Tuesday, March 29, 2011

Another Round of Applause for Smartpak

You've heard me sing their praises before (see my totally Type-A spreadsheet, Savings with Smartpak), but I have to tell you that this company has done it again.  A while back, I switched Tucker off of his SmartGut (which had been keeping him symptom-free of ulcers) because it contains licorice.  I wasn't aware that licorice could be a problem, but one day while browsing the COTH forums, I came across a post stating that horses can't do USEF shows while on Smartgut.  Puzzled, since I couldn't find any of the ingredients on the USEF's forbidden substances list, I emailed USEF and received an email back confirming that licorice, though not specifically included on the forbidden substances list, is prohibited and cannot be fed 7 days prior to competing. 

So, I did some very in-depth analysis of various options using Smartpak's comparison charts (which are super helpful and completely designed with crazies like me in mind), and found out that if I put Tucker on SmartCombo (which I had wanted to do anyway, because I was looking to add a joint and hoof supplement), and added something with an antacid, like U-Gard, I could come up with a reasonable approximation of the same ingredients as Smartgut, minus the offending licorice.

Then, the other day, I saw something on my facebook wall about Smartgut paste.  This would be a perfect solution for Tucker on show days, since he gets a little tummy trouble when he travels.  (I've tried probios and ProCMC, and even human grade pepto, which are all okay, but not ideal).  Unfortunately, I was afraid I'd run into the same problem with the licorice.  The following dialogue ensued on Smartpak's facebook page (I've taken out the names of other facebook users, just in case they wouldn't want the free publicity here on the blog):

Smartpak  Announcing NEW SmartGut Paste! Now you can provide your horse comprehensive gastric support with the convenience of a paste. This formula will help keep your horse’s stomach tissues healthy during times of added stress, such as travel. SmartGut Paste is also the ideal complement to your horse’s daily gastric health supplement.

SmartGut® Paste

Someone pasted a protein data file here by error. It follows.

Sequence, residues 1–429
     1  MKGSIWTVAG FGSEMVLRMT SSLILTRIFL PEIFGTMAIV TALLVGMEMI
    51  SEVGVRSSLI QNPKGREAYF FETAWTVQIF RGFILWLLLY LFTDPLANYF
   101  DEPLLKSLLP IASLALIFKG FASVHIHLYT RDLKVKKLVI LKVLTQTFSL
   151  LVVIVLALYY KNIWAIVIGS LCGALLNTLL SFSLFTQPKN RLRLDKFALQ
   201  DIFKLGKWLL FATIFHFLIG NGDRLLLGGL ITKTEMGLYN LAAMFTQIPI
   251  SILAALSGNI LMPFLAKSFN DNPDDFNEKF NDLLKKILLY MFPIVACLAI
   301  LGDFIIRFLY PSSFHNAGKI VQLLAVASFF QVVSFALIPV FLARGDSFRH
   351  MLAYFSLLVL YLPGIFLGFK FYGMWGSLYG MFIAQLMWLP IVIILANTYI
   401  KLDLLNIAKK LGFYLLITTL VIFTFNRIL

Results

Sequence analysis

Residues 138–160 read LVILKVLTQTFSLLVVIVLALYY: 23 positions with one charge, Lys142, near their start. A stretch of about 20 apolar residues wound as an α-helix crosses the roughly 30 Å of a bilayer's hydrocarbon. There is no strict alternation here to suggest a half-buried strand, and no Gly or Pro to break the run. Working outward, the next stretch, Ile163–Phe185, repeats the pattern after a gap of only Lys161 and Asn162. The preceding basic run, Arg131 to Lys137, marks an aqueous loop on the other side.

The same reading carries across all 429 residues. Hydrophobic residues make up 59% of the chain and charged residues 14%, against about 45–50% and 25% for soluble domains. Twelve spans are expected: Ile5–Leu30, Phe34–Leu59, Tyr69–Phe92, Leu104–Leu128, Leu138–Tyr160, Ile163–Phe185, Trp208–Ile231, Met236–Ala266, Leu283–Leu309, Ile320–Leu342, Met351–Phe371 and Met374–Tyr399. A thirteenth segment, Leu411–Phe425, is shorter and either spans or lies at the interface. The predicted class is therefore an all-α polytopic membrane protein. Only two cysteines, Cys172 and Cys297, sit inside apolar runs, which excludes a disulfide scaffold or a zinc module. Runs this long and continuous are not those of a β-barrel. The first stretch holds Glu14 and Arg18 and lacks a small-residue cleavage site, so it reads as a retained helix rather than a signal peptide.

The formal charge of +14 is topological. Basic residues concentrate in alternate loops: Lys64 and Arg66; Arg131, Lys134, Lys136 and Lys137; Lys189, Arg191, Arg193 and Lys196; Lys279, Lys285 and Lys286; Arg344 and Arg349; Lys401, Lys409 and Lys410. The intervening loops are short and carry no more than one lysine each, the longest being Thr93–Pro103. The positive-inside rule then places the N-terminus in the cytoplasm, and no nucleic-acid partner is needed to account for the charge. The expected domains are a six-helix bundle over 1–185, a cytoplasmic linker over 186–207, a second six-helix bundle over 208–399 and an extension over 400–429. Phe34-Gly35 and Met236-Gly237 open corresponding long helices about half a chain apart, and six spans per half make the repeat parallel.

Comprehensive gastric support is now available in a paste! Research shows that nearly 60% of performance horses have gastric ulcers. SmartGut Paste provides a targeted selection of ingredients that allow natural healing mechanisms in the stomach to take effect.
[Another facebook user]  Would this be good for a horse with ulcers?
SmartPak Hi [facebook user], thanks for your question. Yes, since SmartGut Paste was specifically designed to support healthy stomach tissues, it is an excellent choice for horses prone to gastric ulcers. It is ideal to administer in addition to a daily gastric health supplement, such as SmartGut Powder/Pellets, U-Gard or U-7 Gastric Aid, during times of added stress (trailering, clinic, etc.), when your horse needs a bit of extra support.

Marissa Any chance Smartpak will make a version of this that comports with the USEF rules?

SmartPak Hi Marissa, thanks for your question! We are happy to clarify that none of our SmartGut formulas (powder, pellets and paste) contain any ingredients specifically listed as Forbidden Substances in the USEF Drugs & Medications Guidelines.

To learn more about these USEF rules, please visit this link: http://www.smartpakequine.com/health_and_nutrition/infoforcompetitors.aspx

For a complete list of the ingredients in SmartGut Paste, please visit this link: http://www.smartpakequine.com/ProductClass.aspx?productclassid=8685#fulldetail

Please let us know if you have any additional questions!
[Another facebook user]:  Even the regular SmartGut not the SmartGut ultra? Many forums have made it pretty well known that the SmartGut tests (due to licorice?).
SmartPak Hi [facebook user], thanks for your questions. SmartGut only comes in one daily formula (available in both powder and pellets). We do have another formula called SmartDigest Ultra, which is probably what you’re referring to. Both SmartGut and SmartDigest Ultra contain licorice. We are aware that there is some confusion out there about licorice, but we can confirm that this ingredient is not specifically listed as a Forbidden Substance with USEF. We hope this helps clear things up!

Marissa Hi there, thanks so much for clarifying. Just figured I would pass along the information I have, in case it is useful to someone. Unfortunately, although the USEF list doesn't specifically list licorice, I emailed them and asked about it ...and they confirmed that it is in fact a "forbidden" substance. For some reason, the list that the USEF publishes is not inclusive of every forbidden substance. It's unfortunate, because I had great results using SmartGut, and had to switch to another supplement for competition season.